1. Ecology
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Sex-specific effects of cooperative breeding and colonial nesting on prosociality in corvids

  1. Lisa Horn  Is a corresponding author
  2. Thomas Bugnyar
  3. Michael Griesser
  4. Marietta Hengl
  5. Ei-Ichi Izawa
  6. Tim Oortwijn
  7. Christiane Rössler
  8. Clara Scheer
  9. Martina Schiestl
  10. Masaki Suyama
  11. Alex H Taylor
  12. Lisa-Claire Vanhooland
  13. Auguste M P von Bayern
  14. Yvonne Zürcher
  15. Jorg JM Massen
  1. University of Vienna, Austria
  2. University of Zurich, Switzerland
  3. Keio University, Japan
  4. Max Planck Institute for the Science of Human History, Germany
  5. Hokkaido University, Japan
  6. University of Auckland, New Zealand
  7. Max Planck Institute for Ornithology, Germany
  8. Zurich University, Switzerland
  9. Utrecht University, Netherlands
Research Article
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Cite this article as: eLife 2020;9:e58139 doi: 10.7554/eLife.58139

Abstract

The investigation of prosocial behavior is of particular interest from an evolutionary perspective. Comparisons of prosociality across non-human animal species have, however, so far largely focused on primates, and their interpretation is hampered by the diversity of paradigms and procedures used. Here we present the first systematic comparison of prosocial behavior across multiple species in a taxonomic group outside the primate order, namely the bird family Corvidae. We measured prosociality in 8 corvid species, which vary in the expression of cooperative breeding and colonial nesting. We show that cooperative breeding is positively associated with prosocial behavior across species. Also, colonial nesting is associated with a stronger propensity for prosocial behavior, but only in males. The combined results of our study strongly suggest that both cooperative breeding and colonial nesting, which may both rely on heightened social tolerance at the nest, are likely evolutionary pathways to prosocial behavior in corvids.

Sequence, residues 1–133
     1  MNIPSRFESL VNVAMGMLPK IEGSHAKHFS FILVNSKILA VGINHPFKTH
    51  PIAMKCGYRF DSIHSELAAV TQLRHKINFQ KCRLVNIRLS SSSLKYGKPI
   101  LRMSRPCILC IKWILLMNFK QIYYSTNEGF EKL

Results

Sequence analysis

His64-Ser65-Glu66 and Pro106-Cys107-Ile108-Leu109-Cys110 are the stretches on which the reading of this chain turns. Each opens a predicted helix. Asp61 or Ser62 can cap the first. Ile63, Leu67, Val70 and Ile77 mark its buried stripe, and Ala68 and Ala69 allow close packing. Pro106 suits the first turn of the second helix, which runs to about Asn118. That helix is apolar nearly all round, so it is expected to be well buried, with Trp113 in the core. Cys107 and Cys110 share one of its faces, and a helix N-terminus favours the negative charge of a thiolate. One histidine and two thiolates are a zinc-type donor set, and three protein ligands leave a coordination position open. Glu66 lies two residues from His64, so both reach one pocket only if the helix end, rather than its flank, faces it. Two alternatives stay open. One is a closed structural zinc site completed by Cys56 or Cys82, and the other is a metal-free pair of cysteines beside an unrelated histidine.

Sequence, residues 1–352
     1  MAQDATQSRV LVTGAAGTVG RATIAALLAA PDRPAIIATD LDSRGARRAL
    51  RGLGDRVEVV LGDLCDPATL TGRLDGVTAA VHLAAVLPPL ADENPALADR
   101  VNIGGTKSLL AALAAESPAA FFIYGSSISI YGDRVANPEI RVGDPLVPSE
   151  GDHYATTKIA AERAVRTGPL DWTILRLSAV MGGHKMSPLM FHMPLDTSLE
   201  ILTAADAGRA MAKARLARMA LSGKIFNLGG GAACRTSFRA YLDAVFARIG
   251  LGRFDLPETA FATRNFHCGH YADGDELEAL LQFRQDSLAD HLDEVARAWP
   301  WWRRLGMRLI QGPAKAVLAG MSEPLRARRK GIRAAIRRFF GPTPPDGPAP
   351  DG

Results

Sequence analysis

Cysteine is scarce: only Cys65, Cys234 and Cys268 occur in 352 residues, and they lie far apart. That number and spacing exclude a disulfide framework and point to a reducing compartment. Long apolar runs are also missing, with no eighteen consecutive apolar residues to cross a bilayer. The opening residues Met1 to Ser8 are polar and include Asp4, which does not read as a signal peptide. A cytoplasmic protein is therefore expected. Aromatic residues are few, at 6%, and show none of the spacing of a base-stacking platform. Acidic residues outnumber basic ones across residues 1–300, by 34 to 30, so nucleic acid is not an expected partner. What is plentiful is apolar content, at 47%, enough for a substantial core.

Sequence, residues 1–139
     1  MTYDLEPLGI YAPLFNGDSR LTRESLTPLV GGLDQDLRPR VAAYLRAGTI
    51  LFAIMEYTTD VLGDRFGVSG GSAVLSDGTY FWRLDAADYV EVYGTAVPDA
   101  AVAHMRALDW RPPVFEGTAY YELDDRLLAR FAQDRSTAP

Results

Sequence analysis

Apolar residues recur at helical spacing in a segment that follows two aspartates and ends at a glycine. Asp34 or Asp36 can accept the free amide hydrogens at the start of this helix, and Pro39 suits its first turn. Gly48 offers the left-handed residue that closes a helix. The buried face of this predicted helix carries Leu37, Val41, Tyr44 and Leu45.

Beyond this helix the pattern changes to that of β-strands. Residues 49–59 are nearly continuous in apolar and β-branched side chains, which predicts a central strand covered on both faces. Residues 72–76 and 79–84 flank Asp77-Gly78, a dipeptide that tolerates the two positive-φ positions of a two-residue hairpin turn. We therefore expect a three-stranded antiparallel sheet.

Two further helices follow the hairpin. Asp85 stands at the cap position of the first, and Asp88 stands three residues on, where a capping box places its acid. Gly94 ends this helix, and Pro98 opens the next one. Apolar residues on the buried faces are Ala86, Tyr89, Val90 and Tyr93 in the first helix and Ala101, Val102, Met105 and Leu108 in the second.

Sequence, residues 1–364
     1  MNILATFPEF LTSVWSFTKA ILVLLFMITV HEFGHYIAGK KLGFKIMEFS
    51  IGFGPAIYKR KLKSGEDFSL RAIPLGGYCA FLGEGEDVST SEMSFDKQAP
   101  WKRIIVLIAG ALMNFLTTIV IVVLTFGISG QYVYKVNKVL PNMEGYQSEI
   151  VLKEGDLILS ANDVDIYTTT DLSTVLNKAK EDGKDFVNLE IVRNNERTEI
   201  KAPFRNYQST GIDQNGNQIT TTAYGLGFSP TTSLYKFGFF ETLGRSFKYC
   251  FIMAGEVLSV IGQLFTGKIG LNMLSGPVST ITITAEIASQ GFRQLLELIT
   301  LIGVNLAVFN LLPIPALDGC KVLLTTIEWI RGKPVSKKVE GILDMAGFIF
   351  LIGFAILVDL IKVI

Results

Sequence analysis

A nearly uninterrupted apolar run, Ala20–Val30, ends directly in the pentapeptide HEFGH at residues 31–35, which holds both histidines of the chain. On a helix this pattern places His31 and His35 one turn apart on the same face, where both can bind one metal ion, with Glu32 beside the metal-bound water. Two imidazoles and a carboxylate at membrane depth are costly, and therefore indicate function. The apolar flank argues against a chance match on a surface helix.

Data availability

The datasets analyzed in this study are available on Dryad.

The following data sets were generated

Article and author information

Author details

  1. Lisa Horn

    Department of Behavioral and Cognitive Biology, University of Vienna, Vienna, Austria
    For correspondence
    lisa.horn@univie.ac.at
    Competing interests